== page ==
This answer assumes that one of the things interfering with the memorability of your character deaths is disrespect and looting from peers. We have done a few things in our campaign that address this, which you may consider in yours.
Our campaign features occasional character death. One of my concerns as Game Master was that looting the corpses of one's peers can lead to unintentionally powerful inventories as well as lead to a dissatisfactory experience for the victim.
We addressed this by having two simple rules related to character death:
Rule 1: No looting allies
What we mean by this rule is that all players assume their deceased character's possessions will be delivered, if retrievable, to the character's next of kin. The replacement character will arrive with her own inventory.
As players, my group understands that this is necessary to preserve game balance and to de-incentivize death. As characters, they treat it as the mutual respect due to allies and dear friends. Even our rogues agree that this is the way to be before we begin.
Rule 2: No unavoidable character death
I don't like boring deaths or un-entertained players. As a result, I don't allow them.
Our wizard stands in the center of his allies in a veritable wall of meat-shields. The troll-like "Thought Stalker," selecting the most intelligent of the party as his prey, materializes out of thin air and strikes... and strikes... and rends.
In situations like these, I intervene as DM. There's nothing memorable about playing as defensively as you can only to be one-shot by an ill-conceived encounter. Usually I can describe it away, but sometimes I ask the group if they have an imagination, they nod, and I rewrite history.
Contrast this to an encounter with an Umber Hulk.
Our rogue had many warnings that this was a creature to keep some distance from. He moved adjacent to the beast, ignoring the protestations of his allies, shouted a challenge to the beast, and got ripped to shreds on the creature's turn.
I didn't intervene. The party went to great expense to resurrect him later, which was an adventure on its own.
My purpose in relating these two stories is that you can make character death memorable by denying non-memorable deaths from occurring. Choose your character deaths carefully. Sean Bean can only die once a campaign, so make it good.
Memorable Trap Death
Traps are tricky to make memorable. Luckily, the kinds of techniques that make succeeding on a trap memorable also make failing a trap memorable.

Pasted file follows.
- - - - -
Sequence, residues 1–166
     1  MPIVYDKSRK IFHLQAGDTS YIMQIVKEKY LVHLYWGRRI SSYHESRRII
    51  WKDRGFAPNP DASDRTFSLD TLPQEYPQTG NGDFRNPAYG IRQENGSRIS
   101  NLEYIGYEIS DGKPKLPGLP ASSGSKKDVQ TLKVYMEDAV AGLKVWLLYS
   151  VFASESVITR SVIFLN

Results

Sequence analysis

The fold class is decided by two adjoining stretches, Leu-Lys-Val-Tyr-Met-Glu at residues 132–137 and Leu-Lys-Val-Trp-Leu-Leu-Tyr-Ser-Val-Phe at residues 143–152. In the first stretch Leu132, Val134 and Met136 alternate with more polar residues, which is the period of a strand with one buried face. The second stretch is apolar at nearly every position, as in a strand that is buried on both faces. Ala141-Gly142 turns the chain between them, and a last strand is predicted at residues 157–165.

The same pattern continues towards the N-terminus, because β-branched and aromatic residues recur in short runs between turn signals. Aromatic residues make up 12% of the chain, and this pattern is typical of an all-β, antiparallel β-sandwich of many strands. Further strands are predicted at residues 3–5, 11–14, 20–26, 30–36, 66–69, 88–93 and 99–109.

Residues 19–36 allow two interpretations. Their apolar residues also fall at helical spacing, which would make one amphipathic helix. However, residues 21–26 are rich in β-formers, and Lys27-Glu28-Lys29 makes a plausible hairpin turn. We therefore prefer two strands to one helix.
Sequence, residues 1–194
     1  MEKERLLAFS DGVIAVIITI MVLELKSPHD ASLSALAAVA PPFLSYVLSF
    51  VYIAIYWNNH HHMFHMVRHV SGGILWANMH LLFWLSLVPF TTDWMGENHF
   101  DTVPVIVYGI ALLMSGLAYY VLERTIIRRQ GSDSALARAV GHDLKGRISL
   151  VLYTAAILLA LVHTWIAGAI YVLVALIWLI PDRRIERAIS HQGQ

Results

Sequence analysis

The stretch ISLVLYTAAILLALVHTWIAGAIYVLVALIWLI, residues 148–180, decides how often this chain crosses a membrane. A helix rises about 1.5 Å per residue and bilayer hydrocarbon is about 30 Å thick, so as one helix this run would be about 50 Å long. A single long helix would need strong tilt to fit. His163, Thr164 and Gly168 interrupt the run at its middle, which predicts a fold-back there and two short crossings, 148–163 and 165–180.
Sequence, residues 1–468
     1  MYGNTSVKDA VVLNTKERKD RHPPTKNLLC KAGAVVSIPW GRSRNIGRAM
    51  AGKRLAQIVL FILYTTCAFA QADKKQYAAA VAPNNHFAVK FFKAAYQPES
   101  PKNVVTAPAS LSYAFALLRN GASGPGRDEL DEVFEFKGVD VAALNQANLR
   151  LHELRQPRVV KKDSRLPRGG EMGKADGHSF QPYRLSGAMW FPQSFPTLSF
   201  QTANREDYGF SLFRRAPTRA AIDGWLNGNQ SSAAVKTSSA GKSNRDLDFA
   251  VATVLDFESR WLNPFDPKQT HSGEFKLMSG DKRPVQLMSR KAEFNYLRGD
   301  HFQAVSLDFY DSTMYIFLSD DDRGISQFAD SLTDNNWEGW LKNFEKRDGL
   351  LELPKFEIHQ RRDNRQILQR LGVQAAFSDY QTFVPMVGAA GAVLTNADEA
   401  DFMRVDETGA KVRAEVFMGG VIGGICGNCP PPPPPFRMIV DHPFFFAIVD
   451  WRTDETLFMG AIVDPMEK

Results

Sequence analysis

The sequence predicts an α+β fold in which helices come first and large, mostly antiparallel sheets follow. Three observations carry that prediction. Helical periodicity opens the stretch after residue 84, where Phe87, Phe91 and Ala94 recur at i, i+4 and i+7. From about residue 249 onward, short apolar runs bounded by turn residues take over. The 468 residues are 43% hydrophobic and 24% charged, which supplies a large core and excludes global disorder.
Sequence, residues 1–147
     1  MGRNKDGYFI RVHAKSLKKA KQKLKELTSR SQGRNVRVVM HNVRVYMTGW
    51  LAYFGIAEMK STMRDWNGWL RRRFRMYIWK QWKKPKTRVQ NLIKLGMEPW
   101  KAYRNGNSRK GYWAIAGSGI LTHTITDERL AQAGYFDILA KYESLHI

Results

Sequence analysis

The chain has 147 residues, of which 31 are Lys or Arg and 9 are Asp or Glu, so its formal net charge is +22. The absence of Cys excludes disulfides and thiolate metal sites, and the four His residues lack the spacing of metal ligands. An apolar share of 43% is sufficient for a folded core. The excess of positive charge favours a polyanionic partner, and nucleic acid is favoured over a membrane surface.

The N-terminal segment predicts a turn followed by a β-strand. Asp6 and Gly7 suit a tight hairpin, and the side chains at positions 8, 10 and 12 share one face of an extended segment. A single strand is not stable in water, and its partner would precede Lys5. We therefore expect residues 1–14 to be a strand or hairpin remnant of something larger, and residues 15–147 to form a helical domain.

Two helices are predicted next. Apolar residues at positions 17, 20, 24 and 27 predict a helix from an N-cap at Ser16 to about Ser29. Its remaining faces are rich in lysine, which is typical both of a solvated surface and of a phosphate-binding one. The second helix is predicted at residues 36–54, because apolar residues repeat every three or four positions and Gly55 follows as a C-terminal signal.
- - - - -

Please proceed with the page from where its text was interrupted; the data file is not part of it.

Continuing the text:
I like to think of Indiana Jones when designing traps into an adventure. In his action films you never imagine the benign voice of the DM saying: "Roll your check. You failed. Take 3d6 falling damage. Next?" Instead, traps are interesting things where many dangers occur at once.
The floor gives way exposing a yawning chasm beneath. Indiana desperately grasps out, catching the ledge (in our campaign, using some ability check). He suppresses a rush of vertigo at the sight of venomous snakes and vicious spikes below. As the rock crumbles under his weight, he tries desperately to pull himself onto the safety of a ledge (another check).
At this point, whether he succeeds or falls to his death, the scene is thrilling.
Die for a Cause
Dying for a cause is far more interesting than dying because the dice were cruel. Boromir's death in LOTR was memorable less because he took several arrows to the chest and more because it was an act of sacrifice and redemption in the ultimately unsuccessful cause of protecting the hobbits from capture.
Giving players something to die for is more about story crafting than encounter crafting. Like traps, stories that are already memorable can produce deaths that are memorable.
When designing your encounters, pair the greatest threats with the scenes and storylines of greatest importance. This reduces the chance that your characters die for something mundane or uninteresting. It also increases the respect they will have for the fallen. Your deadliest traps should protect things that have great meaning to your players. Your most powerful villains should pose a threat to the community that your players are willing to die for.
Require Respect, but not Somberness
My players had some good fun over the years teasing our rogue for his death-by-umber hulk, and our rogue bore the teasing with good humor. We have real life for funerals, so go ahead and let your players get back to the adventure right away.
It seems you desire simply that your players not kick their former allies' corpses while they're down and capitalize on their misfortune. You can accomplish all this without imposing an overly somber tone on the game.
Make sure you have a strategy to quickly onboard the replacement character so you can move on. In our campaign, every player has a spare character sheet that only requires the DM to roll a stockpile of equipment to be play-ready. The less time spent at the scene of death, the less time for players do get bored and abuse their fallen comrades.
I hope these tips work well for you. We've had some good success in our game using them. A good part of our success is having good players to play with, who have the same kind of game in mind. The rest comes from good ground rules and evocative story telling. Good luck!